It is an indescribably sweet feeling to sit quietly with her as her eyes flutter and her breath slows. I love that pause, that stillness, and honestly, there’s a reason it works so well. Night time breastmilk contains tryptophan, the same chemical found in turkey that makes us feel so drowsy after huge thanksgiving dinners. (and even as adults, what is the old wives remedy for insomnia? “Have a glass of warm milk…”)

More importantly than all of that however, and this is the part that makes me mad thinking about my scared, impressionable new-mom self: They were wrong.

At twelve months old, nursing is absolutely not the only way Olive can go to sleep. Grandma can give her a bottle and rock her and she will drift off without any fuss. Adam can snuggle her and she’s out in five minutes. And recently, miracle of miracles, there have been a few times that I have put her into her crib awake for a few of her naps and at bedtimes, and she has rolled around for a bit, talked to herself and then fallen asleep. BY. HERSELF.

It doesn’t happen every time, and now that I have share this information with The Internets, I have ensured that these events will never, ever repeat themselves, but I was told that this would never happen periodbecause of the sleep props, and the bad habits, and my horrible, terrible, lazy parenting with the bedtime nursing.

For months I felt guilty, instead of content, every time I sat there with her and watched her drift off.  And guys, that’s why I’m angry, because no mom should feel like that for nourishing and comforting her child.

It’s hard being a new parent. Not just because of the incredible changes affecting every facet of your life – your career, your finances, your home and your relationship – but because everyone has an opinion. About everything you are doing, and more importantly everything you are doing wrong.

Not being able to breastfeed is heartbreaking, but being constantly guilt-tripped over it is worse.

Being up all night with a baby is challenging, but being lectured on all the ways you are ruining your child’s future sleep patterns when you admit it, is worse.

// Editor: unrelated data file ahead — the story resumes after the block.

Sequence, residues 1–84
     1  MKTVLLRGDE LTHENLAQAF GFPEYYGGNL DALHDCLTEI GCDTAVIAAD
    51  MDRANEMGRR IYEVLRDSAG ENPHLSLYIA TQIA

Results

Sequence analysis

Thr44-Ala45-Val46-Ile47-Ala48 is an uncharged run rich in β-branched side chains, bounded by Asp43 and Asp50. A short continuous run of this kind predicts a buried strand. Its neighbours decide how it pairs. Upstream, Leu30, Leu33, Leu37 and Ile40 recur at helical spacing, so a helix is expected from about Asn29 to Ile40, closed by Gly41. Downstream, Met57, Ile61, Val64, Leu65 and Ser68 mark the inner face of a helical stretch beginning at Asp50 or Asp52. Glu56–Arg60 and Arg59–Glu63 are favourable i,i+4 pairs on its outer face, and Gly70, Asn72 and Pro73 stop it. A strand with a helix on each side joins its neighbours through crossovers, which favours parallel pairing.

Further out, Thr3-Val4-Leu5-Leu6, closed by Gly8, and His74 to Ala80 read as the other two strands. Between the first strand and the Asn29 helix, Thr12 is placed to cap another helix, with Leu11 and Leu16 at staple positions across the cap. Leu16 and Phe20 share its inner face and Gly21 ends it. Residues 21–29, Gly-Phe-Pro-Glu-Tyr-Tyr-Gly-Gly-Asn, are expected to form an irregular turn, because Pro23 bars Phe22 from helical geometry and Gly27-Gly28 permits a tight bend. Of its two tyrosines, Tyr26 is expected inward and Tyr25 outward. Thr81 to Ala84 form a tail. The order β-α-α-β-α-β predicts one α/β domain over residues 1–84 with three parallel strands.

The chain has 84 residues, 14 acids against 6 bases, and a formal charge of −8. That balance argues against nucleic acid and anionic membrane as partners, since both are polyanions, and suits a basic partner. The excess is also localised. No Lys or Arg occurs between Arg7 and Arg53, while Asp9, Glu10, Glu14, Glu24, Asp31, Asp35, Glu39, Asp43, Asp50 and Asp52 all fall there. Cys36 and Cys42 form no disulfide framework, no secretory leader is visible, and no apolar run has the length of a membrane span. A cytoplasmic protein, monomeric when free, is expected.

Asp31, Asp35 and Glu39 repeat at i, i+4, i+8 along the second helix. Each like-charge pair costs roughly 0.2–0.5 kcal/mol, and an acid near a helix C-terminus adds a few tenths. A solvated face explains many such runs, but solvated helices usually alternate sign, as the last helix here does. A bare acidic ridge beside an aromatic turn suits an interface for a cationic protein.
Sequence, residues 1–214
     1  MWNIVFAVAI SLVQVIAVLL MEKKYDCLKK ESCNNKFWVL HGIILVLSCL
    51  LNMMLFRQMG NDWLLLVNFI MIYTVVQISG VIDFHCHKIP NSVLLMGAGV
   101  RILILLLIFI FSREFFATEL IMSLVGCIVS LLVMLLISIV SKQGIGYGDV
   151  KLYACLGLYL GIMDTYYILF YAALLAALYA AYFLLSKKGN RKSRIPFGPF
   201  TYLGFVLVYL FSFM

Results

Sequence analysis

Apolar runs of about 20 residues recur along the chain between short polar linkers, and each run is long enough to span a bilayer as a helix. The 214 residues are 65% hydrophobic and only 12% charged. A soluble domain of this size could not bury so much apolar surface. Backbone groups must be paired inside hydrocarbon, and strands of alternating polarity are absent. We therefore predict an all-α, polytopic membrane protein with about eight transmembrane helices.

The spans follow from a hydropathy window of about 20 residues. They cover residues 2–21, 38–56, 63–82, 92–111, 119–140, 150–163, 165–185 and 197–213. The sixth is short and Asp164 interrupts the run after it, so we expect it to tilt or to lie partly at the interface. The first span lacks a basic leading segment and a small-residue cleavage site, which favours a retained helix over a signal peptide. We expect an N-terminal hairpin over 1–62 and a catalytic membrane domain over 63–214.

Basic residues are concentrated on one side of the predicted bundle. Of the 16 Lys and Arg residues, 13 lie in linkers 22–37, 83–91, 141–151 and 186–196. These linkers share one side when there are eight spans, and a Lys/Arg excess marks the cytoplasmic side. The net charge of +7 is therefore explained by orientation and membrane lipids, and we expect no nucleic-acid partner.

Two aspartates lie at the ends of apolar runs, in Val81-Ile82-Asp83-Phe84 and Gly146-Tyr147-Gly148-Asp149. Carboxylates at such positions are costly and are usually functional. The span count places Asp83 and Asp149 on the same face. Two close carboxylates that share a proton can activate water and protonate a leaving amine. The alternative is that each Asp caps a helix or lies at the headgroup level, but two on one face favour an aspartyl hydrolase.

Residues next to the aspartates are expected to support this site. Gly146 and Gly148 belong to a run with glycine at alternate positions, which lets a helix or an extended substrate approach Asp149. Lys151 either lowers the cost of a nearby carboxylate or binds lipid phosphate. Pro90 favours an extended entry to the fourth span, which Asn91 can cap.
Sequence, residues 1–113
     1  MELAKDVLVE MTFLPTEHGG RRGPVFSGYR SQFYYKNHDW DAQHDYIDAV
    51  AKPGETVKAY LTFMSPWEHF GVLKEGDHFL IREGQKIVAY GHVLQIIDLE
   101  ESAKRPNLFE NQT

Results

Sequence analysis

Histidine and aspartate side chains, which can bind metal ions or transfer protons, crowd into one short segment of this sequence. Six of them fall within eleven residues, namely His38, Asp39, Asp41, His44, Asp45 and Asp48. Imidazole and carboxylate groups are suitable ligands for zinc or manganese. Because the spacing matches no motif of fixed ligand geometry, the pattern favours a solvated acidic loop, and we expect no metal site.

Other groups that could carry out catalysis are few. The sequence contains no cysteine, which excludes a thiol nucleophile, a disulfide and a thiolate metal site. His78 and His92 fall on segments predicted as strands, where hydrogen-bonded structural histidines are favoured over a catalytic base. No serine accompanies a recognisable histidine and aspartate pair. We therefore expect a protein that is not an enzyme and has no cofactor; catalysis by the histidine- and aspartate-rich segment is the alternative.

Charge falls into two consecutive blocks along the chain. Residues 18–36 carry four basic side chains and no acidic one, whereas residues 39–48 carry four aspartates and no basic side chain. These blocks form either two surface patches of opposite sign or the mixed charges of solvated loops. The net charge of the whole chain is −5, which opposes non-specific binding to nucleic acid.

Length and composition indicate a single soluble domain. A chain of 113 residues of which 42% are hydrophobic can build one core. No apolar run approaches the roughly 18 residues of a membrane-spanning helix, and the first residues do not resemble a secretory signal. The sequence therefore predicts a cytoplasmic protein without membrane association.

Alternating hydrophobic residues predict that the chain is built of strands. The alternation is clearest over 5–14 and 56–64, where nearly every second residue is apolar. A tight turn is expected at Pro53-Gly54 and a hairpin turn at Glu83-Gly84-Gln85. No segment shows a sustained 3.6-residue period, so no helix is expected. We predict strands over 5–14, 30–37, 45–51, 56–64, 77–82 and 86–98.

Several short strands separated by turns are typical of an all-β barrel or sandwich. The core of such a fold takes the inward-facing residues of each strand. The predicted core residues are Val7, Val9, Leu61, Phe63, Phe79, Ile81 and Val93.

So here’s what I recommend to all of you new parents or soon-to-be parents, or someday far away in the verrry distant future parents: Read the article I linked to above, and have zero expectations. You might have a baby that sleeps, you might not. You might have a baby that tricks you into thinking they are a sleeper and then messes with your mind by suddenly stopping the sleeping, like Olive did. But regardless, when someone asks you how your baby is sleeping, smile and say “Like a baby”.

That will be the truth.

And so is this: It’s normal for a baby to sleep 9 hours straight. It’s normal for a baby to be up every hour. It’s normal for your baby to do the former one night, the latter the next (and it’s totally normal to feel like an insane, husband-hating, coffee-chugging, borderline-emotional-wreck while this is happening.)


Here’s another thing, while we are on the subject of truth telling. Two months ago Olive went through a week long stretch of waking up every 1-2 hours at night. I call this, “The Dark Time”.

The Dark Time happened to coincide with deadlines for the final draft of my book, and every morning as I hauled myself out of bed, I wanted to gouge my eyes out simply because the eyeballs were taking up valuable space that could have been filled with more coffee.